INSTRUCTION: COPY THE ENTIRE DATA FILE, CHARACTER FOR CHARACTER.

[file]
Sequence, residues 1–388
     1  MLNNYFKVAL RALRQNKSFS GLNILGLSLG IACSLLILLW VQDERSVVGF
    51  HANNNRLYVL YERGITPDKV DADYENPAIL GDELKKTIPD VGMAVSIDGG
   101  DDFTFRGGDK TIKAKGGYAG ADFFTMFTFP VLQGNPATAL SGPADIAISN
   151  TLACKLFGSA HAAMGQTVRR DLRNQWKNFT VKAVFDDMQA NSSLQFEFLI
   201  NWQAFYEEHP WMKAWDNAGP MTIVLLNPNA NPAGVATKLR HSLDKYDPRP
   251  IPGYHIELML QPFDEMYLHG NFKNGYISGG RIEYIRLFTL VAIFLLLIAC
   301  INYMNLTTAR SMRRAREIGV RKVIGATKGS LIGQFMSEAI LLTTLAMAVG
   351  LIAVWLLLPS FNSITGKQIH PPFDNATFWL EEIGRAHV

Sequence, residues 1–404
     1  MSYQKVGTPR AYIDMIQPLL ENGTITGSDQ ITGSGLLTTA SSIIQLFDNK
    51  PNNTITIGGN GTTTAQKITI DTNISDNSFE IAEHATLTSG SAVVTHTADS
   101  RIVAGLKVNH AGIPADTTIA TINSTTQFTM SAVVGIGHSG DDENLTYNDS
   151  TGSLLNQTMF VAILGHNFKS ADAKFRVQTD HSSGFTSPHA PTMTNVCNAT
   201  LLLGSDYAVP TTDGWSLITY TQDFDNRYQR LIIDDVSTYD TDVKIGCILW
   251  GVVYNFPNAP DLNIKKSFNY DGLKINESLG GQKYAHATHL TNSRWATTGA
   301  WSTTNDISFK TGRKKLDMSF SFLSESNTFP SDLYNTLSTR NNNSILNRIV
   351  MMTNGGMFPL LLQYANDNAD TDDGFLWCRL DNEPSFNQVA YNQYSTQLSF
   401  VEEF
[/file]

Sequence, residues 1–388
     1  MLNNYFKVAL RALRQNKSFS GLNILGLSLG IACSLLILLW VQDERSVVGF
    51  HANNNRLYVL YERGITPDKV DADYENPAIL GDELKKTIPD VGMAVSIDGG
   101  DDFTFRGGDK TIKAKGGYAG ADFFTMFTFP VLQGNPATAL SGPADIAISN
   151  TLACKLFGSA HAAMGQTVRR DLRNQWKNFT VKAVFDDMQA NSSLQFEFLI
   201  NWQAFYEEHP WMKAWDNAGP MTIVLLNPNA NPAGVATKLR HSLDKYDPRP
   251  IPGYHIELML QPFDEMYLHG NFKNGYISGG RIEYIRLFTL VAIFLLLIAC
   301  INYMNLTTAR SMRRAREIGV RKVIGATKGS LIGQFMSEAI LLTTLAMAVG
   351  LIAVWLLLPS FNSITGKQIH PPFDNATFWL EEIGRAHV

Sequence, residues 1–404
     1  MSYQKVGTPR AYIDMIQPLL ENGTITGSDQ ITGSGLLTTA SSIIQLFDNK
    51  PNNTITIGGN GTTTAQKITI DTNISDNSFE IAEHATLTSG SAVVTHTADS
   101  RIVAGLKVNH AGIPADTTIA TINSTTQFTM SAVVGIGHSG DDENLTYNDS
   151  TGSLLNQTMF VAILGHNFKS ADAKFRVQTD HSSGFTSPHA PTMTNVCNAT
   201  LLLGSDYAVP TTDGWSLITY TQDFDNRYQR LIIDDVSTYD TDVKIGCILW
   251  GVVYNFPNAP DLNIKKSFNY DGLKINESLG GQKYAHATHL TNSRWATTGA
   301  WSTTNDISFK TGRKKLDMSF SFLSESNTFP SDLYNTLSTR NNNSILNRIV
   351  MMTNGGMFPL LLQYANDNAD TDDGFLWCRL DNEPSFNQVA YNQYSTQLSF
   401  VEEF